On my drive to the launch point to meet Jared, I started to think about when the last time I caught a pike was.  I came to the conclusion that it had been a long while… and at least 5 years had gone by since I last felt the tug of a pike on the end of my line.  So with that in mind I started off the day with the mindset of specifically catching a northern pike on this trip.

After launching the kayaks, we began fishing as soon as we crossed into Michigan waters.  I took one side of the river and he took the other with the goal of casting around and behind any structure that existed along the banks of the river (boats, piers, downed trees).  I was using a perch colored 5″ rapala and Jerod was using his go-to Johnson weedless spoon dressed with a with and red skirt.

After about an hour into the trip, we had both landed several spirited 1lb+ small mouth bass, but no pike yet.  At that point I figured that if the bass were going to be willing participants, then maybe I should work on some of the techniques that I learned from Dan a few weeks earlier.  I ended up having really good success fishing a grey Gary Yamamoto senko worm.  I fished it unweighted in both wacky rigged and weedless.   I would cast it down stream of any structure and let is slowly sink and bounce along the bottom of the river as I drifted with it.   Naturally, I found the weedless did a better job of avoiding small pieces of debris as it bounced along.

Since I could drift in my kayak along side of my rig, i was often able to let that worm bounce along the bottom for 50-75 yards at a time.  Using this technique,  I ended up landing around 15 small mouth bass over the course of the next two hours.    I found it to be a very enjoyable way to spend the middle hours of a late summer day.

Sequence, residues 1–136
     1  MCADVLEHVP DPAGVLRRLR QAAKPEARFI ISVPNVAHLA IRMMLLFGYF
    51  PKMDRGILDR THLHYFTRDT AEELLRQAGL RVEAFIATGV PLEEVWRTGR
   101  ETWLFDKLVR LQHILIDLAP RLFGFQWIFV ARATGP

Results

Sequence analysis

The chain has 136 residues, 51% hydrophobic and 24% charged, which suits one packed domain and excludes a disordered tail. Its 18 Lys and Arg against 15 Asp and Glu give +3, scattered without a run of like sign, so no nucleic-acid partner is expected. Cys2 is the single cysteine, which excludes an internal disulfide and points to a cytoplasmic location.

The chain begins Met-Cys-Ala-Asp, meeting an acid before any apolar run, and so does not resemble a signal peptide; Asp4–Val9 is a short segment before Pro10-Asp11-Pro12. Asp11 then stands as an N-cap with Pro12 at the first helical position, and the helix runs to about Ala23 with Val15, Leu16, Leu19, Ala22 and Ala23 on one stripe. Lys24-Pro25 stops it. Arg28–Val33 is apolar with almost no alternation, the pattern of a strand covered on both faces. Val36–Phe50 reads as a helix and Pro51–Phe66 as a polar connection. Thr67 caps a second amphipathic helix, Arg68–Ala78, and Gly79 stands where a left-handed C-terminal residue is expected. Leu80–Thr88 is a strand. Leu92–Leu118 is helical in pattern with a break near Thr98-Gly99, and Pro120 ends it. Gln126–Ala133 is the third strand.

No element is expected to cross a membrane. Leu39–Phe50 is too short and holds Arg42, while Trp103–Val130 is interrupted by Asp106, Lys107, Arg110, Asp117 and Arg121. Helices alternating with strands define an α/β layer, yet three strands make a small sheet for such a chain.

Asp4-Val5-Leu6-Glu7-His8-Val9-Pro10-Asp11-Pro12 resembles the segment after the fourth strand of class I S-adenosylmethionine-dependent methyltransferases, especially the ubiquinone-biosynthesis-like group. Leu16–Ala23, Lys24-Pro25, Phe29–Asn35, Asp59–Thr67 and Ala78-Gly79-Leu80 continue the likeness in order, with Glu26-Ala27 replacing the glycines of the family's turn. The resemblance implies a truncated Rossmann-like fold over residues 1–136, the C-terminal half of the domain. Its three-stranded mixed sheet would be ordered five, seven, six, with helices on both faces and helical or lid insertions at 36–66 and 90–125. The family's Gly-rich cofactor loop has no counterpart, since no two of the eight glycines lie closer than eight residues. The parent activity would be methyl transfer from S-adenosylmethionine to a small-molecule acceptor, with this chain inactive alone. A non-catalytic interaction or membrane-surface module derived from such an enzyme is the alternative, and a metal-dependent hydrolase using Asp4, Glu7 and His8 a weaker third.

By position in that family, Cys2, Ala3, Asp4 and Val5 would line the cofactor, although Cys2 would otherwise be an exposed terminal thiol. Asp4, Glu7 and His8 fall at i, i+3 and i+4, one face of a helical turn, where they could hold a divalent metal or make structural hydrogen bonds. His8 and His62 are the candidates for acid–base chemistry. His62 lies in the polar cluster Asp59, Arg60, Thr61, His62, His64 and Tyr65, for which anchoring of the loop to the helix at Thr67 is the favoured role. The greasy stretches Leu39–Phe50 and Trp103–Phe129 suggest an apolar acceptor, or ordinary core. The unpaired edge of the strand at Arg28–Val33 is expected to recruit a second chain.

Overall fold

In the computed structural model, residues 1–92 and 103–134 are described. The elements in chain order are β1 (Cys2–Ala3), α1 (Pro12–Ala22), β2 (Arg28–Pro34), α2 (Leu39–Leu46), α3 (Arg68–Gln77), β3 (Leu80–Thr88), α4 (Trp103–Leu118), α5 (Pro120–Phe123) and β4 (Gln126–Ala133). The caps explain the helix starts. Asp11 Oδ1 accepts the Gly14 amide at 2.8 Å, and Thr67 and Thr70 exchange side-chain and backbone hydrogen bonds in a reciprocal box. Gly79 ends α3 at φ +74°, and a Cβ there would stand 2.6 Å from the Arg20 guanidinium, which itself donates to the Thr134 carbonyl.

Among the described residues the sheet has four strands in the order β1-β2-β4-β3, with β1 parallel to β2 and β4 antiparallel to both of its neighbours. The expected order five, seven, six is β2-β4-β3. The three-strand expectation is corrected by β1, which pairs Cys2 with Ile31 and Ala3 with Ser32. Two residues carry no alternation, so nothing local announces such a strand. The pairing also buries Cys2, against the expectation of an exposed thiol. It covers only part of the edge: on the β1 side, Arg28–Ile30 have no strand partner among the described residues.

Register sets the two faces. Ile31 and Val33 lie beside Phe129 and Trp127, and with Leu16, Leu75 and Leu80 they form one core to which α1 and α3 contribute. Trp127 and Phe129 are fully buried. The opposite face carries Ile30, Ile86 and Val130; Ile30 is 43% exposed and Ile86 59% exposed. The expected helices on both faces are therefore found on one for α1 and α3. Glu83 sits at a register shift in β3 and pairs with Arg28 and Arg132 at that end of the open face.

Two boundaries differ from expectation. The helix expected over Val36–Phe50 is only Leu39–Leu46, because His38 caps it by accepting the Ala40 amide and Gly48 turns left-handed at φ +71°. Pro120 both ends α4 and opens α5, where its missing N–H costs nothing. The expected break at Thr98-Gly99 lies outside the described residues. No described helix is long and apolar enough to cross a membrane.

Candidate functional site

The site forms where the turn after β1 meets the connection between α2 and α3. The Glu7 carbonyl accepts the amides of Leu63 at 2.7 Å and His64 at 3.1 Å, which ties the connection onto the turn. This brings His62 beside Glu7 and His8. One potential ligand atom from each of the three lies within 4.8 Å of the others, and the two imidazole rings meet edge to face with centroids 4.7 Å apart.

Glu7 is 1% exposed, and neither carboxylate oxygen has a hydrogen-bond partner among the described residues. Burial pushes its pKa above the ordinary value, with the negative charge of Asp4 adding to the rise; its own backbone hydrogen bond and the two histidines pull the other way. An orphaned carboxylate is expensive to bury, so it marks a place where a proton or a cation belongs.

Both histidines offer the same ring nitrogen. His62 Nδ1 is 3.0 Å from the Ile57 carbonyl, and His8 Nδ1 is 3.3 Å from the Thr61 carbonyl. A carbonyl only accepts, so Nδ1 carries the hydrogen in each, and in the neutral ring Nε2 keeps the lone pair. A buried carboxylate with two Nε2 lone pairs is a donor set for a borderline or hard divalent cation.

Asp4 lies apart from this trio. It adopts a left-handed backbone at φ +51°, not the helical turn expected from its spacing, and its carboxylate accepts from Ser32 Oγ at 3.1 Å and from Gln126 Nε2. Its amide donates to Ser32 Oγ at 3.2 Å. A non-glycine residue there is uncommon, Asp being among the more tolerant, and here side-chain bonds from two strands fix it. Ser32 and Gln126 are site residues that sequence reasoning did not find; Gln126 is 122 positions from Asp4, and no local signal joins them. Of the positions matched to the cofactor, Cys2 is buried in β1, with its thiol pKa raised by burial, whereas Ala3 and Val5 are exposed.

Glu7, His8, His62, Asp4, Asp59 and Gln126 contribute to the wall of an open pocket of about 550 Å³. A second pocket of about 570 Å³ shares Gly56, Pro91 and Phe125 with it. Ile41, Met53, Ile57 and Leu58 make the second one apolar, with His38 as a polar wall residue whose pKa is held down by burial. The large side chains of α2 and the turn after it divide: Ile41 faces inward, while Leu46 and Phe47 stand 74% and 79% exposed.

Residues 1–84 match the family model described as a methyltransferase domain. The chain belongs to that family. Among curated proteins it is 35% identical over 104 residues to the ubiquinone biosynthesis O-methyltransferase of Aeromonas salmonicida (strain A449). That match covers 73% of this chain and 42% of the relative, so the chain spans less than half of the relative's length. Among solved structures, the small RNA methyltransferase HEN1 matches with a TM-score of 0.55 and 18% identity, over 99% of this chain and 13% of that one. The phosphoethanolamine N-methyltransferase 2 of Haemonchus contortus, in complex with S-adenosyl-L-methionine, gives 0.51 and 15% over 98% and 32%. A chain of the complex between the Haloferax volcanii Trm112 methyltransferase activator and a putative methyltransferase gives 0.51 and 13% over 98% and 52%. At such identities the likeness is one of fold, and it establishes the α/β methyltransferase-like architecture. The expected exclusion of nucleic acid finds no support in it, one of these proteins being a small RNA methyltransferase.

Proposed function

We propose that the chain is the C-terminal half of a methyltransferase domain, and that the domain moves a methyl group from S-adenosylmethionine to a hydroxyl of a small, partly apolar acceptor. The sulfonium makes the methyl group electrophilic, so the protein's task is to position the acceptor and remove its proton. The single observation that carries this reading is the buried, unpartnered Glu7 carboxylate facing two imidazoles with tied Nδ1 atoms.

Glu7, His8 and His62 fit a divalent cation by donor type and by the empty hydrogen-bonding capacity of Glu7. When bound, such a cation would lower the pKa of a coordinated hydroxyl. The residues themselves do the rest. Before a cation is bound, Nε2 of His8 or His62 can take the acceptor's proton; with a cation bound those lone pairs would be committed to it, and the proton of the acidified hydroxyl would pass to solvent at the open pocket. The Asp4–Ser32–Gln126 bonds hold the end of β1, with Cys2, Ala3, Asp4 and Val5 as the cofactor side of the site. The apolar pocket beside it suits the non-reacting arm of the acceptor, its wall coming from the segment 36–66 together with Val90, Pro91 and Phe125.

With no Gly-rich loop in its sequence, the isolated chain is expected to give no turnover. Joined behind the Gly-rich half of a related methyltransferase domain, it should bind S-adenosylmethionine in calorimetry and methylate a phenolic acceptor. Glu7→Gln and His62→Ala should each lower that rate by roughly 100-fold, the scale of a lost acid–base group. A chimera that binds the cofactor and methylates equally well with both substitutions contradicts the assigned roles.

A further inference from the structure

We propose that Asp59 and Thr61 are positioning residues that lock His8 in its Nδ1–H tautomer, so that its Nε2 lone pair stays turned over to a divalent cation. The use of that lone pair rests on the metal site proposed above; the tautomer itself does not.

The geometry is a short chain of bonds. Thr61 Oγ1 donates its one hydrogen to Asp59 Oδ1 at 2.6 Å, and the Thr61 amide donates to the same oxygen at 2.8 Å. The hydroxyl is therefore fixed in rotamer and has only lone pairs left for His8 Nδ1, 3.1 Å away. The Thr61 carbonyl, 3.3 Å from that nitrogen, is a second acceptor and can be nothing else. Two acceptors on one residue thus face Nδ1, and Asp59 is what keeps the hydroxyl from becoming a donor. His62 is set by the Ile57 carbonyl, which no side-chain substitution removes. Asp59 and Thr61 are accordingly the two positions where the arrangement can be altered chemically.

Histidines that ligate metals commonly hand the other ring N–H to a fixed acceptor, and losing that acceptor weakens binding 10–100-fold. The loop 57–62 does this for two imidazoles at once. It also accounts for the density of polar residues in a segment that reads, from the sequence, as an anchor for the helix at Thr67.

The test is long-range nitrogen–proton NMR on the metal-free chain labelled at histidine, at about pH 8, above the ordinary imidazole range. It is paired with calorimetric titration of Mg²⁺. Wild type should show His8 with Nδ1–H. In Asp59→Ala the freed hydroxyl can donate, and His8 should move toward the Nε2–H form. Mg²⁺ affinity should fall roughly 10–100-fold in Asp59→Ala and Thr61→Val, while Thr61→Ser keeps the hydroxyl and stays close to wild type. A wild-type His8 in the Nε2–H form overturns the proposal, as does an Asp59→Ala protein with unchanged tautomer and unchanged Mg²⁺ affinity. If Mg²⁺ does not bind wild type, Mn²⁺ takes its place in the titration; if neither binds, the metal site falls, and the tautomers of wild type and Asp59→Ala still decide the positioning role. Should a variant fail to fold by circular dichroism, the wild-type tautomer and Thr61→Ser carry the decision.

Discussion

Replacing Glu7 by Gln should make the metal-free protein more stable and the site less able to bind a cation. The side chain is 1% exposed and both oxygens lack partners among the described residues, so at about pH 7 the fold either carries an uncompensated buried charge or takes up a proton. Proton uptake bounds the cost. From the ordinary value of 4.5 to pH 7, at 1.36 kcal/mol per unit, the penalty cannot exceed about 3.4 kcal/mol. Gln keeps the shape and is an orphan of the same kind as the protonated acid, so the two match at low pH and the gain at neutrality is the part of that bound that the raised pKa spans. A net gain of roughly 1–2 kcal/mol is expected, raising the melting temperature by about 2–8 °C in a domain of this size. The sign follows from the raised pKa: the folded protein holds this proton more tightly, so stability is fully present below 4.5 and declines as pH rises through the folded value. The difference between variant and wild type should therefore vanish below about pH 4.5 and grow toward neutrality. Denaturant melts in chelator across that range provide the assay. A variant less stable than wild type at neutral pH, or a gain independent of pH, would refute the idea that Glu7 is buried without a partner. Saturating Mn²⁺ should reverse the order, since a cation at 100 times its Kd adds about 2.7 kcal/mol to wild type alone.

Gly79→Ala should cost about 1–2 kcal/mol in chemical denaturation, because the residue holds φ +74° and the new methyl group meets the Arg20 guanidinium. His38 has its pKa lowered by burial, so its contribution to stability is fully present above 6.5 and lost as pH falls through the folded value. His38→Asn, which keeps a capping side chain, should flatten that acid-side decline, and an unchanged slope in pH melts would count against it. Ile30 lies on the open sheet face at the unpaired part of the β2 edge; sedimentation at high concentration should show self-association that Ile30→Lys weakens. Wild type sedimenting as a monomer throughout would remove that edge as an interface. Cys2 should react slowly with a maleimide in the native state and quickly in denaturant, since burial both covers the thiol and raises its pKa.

There were several side cuts areas on the river where the calm, shallow waters were home to large populations of  lily pads.  It was in one of these areas where I flipped my weedless senko on top of a small patch of lily pads, slowly twitching it till it gently fell off the edge of the pad that it was on.  As I was standing in my kayak watching the worm slowly sink to the bottom, I was able to witness a beautiful large mouth as it moved out from the shadow of pads, inhaling my worm as it hit the bottom.  It reminded me of my childhood days when I would watch several bass race toward my minnow seconds after it hit the water.

Shortly after this, we had to start paddling towards our pull out as Jared is a pastor at one of the local churches and he had a group meeting later that evening that he needed to be on time for.  The trip that day ended up being great.  Though I didn’t get a chance to catch a northern that day, I did land my biggest bass ever from a kayak and I did it using a new technique that I had never tried before.  Jared ended up landing 3 pike on the day and we both ended up with a dozen + small mouth to keep us busy through out the day.

When things get hot and every thing else slows down this coming summer, I know that I’ll find my way back here a few times.  There’s a pike out there that in the middle of the trip slammed my lure the moment it hit the water and sent it flying about 5 feet in the air… I’d like to have a talk with him face to face.